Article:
The 2024 Olympic Bid Cities

The host city for the 2024 Olympic Games will be chosen at the IOC Session in Lima, Peru, on 13 September 2017. The three remaining host cities are Paris, France; Los Angeles, California, USA; and Budapest, Hungary. Previous bids had been received by Hamburg, Germany, and Roma, Italy, but both cities withdrew – Hamburg after a citizen’s referendum, and Roma after new mayor Virginia Raggi refused to support the bid. Boston, Massachusetts was the original US Candidate City but withdrew in July 2015, after a lack of support from the city mayor and significant opposition from a group called NoBostonOlympics.

So we are left with three bidding cities, as pundents ponder proliferating Olympic costs, and wonder if any cities will soon be left to bid for Olympic Games. Of these three cities, all have bid before, multiple times for each in fact, so let’s look at how they have done.

As a quick summary, not one of the remaining cities – Paris, LA, Budapest – has ever won an election to host an Olympics against other cities. That is despite the fact that Paris has hosted the 1900 and 1924 Olympics and Los Angeles has hosted the 1932 and 1984 Olympics.

This is the 7th time Paris has bid for the Olympics. In 1900 there were no real elections, as the nascent IOC simply awarded the Games to Paris, shortly after they decided on Athina to host the 1896 Olympics Games, the first of the modern era. In 1924, Paris was again selected as the host city, but this time, it was done by IOC acclamation in deference to Pierre, Baron de Coubertin, the founder of the IOC and modern Olympic Games, who was planning on retiring as IOC President at the end of the 1924 Olympics. As he was a Parisian, the 1924 Olympics were given to Paris in his honor.

There were two other bids in 1924, from Amsterdam and Los Angeles. It has been suggested that one possibility for 2024 is that the IOC might award 2024 to Paris and 2028 to Los Angeles, at one sitting (or possibly vice-versa). In 1921, at the IOC Session that selected the 1924 host city, the IOC did just that – awarding 1924 to Paris and 1928 to Amsterdam. Los Angeles was shunted to the side, in effect, but only 2 years later, 1923, well in advance of when host cities were then chosen (about 3 years before the Olympics), Los Angeles was given host city honors for the 1932 Olympics, by acclamation, with no opposition.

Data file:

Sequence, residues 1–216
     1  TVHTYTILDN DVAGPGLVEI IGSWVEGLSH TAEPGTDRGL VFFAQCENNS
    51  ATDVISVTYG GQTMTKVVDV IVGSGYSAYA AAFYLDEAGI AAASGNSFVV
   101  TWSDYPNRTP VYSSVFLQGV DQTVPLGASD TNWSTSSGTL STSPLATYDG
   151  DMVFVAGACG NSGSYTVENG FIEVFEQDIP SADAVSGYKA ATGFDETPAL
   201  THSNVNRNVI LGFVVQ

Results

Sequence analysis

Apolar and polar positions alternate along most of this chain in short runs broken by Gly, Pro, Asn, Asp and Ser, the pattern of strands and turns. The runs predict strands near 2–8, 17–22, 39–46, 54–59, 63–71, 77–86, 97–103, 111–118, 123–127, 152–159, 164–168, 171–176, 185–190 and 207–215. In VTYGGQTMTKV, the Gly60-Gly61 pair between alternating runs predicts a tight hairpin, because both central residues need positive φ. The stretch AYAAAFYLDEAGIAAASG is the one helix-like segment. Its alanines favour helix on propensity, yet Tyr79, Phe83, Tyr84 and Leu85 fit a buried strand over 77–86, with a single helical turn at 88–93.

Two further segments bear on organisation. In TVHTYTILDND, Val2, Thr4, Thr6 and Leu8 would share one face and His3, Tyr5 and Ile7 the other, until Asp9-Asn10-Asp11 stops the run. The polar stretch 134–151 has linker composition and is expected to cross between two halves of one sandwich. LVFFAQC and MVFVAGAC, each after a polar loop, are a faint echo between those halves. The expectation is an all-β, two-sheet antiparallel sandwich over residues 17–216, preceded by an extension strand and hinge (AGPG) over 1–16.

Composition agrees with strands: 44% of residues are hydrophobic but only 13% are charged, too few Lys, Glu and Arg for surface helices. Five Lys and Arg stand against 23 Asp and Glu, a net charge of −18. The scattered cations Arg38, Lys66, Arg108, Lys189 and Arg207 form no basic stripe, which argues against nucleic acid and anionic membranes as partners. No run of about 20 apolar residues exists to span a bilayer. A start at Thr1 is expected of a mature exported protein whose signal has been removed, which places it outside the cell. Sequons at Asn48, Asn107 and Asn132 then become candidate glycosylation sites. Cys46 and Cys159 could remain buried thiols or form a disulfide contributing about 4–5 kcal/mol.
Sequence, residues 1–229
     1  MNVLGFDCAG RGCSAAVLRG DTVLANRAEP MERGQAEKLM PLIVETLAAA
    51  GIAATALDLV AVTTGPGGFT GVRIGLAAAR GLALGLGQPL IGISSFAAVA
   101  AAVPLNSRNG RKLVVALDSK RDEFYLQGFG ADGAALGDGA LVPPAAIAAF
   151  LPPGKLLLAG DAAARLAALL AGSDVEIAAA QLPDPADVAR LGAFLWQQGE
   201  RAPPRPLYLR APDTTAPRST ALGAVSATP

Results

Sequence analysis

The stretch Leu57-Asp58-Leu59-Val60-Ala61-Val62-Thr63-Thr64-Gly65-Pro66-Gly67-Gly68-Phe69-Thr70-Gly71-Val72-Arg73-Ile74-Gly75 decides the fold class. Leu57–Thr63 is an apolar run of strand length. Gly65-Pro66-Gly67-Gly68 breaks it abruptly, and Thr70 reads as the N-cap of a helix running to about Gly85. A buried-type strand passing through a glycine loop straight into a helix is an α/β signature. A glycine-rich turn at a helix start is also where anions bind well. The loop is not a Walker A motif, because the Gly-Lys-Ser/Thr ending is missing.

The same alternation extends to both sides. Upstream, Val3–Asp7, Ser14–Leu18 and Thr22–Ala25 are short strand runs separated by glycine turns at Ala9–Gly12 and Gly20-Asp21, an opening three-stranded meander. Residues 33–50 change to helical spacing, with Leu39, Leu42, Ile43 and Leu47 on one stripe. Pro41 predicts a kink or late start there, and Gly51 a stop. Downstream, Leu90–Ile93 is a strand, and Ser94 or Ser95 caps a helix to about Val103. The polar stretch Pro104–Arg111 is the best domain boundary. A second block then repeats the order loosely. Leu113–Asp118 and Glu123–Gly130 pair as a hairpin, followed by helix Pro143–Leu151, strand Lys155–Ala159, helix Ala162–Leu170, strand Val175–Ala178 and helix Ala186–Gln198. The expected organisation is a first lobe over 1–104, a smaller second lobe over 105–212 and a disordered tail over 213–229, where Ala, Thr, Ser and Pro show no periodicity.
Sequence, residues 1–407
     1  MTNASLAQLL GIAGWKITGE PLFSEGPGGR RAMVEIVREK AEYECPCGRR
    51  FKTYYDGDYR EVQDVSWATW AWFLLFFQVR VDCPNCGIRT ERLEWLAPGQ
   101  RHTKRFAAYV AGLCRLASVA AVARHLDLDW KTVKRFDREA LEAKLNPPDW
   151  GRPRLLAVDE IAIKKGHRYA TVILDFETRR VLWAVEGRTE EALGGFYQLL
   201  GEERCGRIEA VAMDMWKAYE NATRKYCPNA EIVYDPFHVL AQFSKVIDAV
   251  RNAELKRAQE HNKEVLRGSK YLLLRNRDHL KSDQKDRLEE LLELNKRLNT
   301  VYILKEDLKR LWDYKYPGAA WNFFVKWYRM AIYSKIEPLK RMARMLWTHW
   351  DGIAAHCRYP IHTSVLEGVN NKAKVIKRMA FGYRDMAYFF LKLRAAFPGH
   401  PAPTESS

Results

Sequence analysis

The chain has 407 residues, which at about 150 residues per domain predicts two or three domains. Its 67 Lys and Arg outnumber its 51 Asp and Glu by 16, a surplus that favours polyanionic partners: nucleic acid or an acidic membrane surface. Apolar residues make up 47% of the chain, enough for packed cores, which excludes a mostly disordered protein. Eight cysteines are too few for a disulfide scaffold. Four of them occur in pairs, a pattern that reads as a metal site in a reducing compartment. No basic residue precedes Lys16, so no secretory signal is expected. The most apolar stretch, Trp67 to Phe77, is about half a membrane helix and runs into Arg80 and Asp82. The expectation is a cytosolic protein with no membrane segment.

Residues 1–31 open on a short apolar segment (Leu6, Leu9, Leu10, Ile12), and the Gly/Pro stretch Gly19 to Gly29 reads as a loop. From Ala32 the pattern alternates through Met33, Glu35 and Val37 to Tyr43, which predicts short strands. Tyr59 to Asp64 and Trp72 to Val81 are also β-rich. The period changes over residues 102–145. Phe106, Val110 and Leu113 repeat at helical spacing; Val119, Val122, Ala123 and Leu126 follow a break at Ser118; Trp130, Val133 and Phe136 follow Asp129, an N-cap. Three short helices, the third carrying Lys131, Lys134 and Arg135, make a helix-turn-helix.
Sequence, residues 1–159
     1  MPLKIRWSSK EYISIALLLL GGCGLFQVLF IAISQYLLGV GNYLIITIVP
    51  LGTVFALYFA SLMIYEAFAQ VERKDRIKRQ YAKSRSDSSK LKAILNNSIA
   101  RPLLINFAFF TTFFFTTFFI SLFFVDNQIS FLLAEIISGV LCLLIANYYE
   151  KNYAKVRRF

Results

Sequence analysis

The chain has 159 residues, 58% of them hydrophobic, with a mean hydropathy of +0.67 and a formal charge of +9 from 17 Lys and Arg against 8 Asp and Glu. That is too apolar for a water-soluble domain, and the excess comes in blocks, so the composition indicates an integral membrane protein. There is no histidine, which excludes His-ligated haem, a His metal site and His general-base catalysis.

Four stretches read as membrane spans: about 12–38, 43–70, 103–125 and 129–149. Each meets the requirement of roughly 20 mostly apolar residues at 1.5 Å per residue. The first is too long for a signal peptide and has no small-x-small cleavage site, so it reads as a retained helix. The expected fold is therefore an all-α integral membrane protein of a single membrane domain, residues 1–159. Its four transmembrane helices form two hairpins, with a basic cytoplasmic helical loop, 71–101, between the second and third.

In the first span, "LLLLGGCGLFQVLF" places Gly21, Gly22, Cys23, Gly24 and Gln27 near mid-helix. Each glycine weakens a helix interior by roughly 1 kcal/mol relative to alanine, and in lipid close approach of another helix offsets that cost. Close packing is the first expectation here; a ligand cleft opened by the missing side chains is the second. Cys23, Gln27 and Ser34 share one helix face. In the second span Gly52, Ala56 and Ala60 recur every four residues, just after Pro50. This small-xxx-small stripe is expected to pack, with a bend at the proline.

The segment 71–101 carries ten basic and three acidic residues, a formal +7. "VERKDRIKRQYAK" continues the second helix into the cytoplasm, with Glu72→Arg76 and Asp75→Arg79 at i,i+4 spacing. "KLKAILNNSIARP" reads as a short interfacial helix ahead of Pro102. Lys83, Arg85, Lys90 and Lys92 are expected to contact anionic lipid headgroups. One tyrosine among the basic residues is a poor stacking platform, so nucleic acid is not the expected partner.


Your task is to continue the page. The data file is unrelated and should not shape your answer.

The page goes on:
Paris bid again for the Olympics in 1956, but it was only for the Equestrian Competitions. The 1956 Olympics were awarded to Melbourne, Victoria, Australia, but soon thereafter, Australia notified the IOC that because of national quarantine restrictions, horses would have to be kept in the country for six months before they could compete, which eliminated the possibility of equestrian events being held in Australia. A separate Equestrian Olympics was planned for earlier in the Northern Hemisphere summer, and a bid ensued, with Stockholm, Sweden eventually being chosen, and hosting, the Equestrian Olympics. Paris placed 2nd in the bid election.

Paris then sat out a few Olympics, but it bid again for 1992, for 2008, and 2012, each time being defeated. It came in 2nd in 1992 to Barcelona, Spain; 3rd in 2008 to Beijing, China, and Toronto, Ontario, Canada; and 2nd in 2012 to London, England.

Thus Paris has bid for Olympic Games 6 previous times, and has twice hosted the Olympics, but has never defeated another city in an election for the honor to host the Olympics.

So how about Los Angeles, which has also hosted the Olympics twice, in 1932 and 1984? As noted above, Los Angeles was given the 1932 hosting rights by acclamation at the 1923 IOC Session. There was no effective election, as there were no opposing cities. It had already lost tentative bids for 1924 and 1928 after those Games were awarded, also by acclamation, to Paris and Amsterdam.